TED LILLY: I don't know. It's fun, though. It's a lot of fun. I remember with New York it was similar to that where a lot of the fans traveled, or if they didn't, it seemed like when you went on the road there were a lot of fans, and that's how it is here. It's just so much fun, and you really appreciate it.
I was amazed at what I saw in Cincinnati, and I know that's relatively close, but there was a huge following, and I just think that -- you know, probably throughout the country there's a lot of support for this club and there's a lot of people that would like to see us have success in the postseason, and we'd certainly like to make them happy.
Do you consider yourself as one of the more competitive guys on this team, or would your teammates judge you as that, do you think?
TED LILLY: I don't know what they're going to think. I definitely feel like we have a huge responsibility. I have a huge responsibility to my teammates and the city, and I feel fortunate that I'm in that situation where there's people that rely on me and expect me to do certain things and to be able to contribute.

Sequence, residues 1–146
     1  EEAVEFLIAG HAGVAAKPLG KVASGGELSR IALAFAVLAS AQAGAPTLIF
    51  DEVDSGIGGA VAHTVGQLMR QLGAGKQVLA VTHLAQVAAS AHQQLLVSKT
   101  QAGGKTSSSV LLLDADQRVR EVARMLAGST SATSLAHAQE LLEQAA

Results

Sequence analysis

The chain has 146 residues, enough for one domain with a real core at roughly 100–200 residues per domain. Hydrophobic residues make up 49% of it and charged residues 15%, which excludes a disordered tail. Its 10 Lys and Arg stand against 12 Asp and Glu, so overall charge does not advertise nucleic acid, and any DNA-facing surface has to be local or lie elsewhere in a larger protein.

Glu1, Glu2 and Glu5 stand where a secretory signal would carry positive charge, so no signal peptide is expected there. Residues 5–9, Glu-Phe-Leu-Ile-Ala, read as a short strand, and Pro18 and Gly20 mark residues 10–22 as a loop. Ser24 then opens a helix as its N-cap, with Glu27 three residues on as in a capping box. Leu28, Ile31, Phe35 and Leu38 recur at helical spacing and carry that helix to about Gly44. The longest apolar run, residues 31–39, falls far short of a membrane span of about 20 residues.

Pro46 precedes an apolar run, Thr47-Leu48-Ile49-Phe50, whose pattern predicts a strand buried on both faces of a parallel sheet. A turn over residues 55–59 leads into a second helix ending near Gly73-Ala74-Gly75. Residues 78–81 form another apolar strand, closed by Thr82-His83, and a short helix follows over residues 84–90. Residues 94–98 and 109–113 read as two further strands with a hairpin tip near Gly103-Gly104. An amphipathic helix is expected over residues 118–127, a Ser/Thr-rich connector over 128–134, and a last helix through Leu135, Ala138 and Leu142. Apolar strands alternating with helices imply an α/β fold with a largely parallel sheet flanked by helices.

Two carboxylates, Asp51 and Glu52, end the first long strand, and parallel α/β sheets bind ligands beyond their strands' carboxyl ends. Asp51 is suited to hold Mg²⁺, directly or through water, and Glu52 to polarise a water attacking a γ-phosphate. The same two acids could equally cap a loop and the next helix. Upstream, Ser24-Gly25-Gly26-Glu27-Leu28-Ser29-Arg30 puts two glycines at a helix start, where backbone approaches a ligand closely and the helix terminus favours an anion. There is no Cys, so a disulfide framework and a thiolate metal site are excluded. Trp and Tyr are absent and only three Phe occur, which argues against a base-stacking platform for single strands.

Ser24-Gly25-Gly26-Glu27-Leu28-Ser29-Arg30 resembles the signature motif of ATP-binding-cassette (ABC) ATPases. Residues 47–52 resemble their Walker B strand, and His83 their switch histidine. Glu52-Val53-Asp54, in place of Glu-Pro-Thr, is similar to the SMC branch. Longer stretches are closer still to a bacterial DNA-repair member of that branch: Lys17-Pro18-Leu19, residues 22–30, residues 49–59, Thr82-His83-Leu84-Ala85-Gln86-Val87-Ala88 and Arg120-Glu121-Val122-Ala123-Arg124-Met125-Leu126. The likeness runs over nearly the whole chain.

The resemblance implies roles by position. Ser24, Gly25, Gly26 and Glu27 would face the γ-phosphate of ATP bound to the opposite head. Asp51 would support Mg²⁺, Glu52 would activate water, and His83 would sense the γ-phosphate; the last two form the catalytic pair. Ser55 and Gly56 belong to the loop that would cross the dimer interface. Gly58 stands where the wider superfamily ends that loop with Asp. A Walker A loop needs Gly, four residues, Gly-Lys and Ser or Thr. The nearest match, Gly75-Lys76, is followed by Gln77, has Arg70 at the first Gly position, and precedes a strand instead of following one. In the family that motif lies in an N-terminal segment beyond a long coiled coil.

I'm definitely -- I guess I just feel like I'm lucky to be in this situation, to be able to be here and to have an opportunity to start an important game for the franchise. I mean, this is all you ask for going into the off season last year. This was -- one of the most important things was to have the opportunity to play in October.
From your standpoint, how much more preparation do you put into a postseason start than a regular season start in terms of watching film or watching them closely today?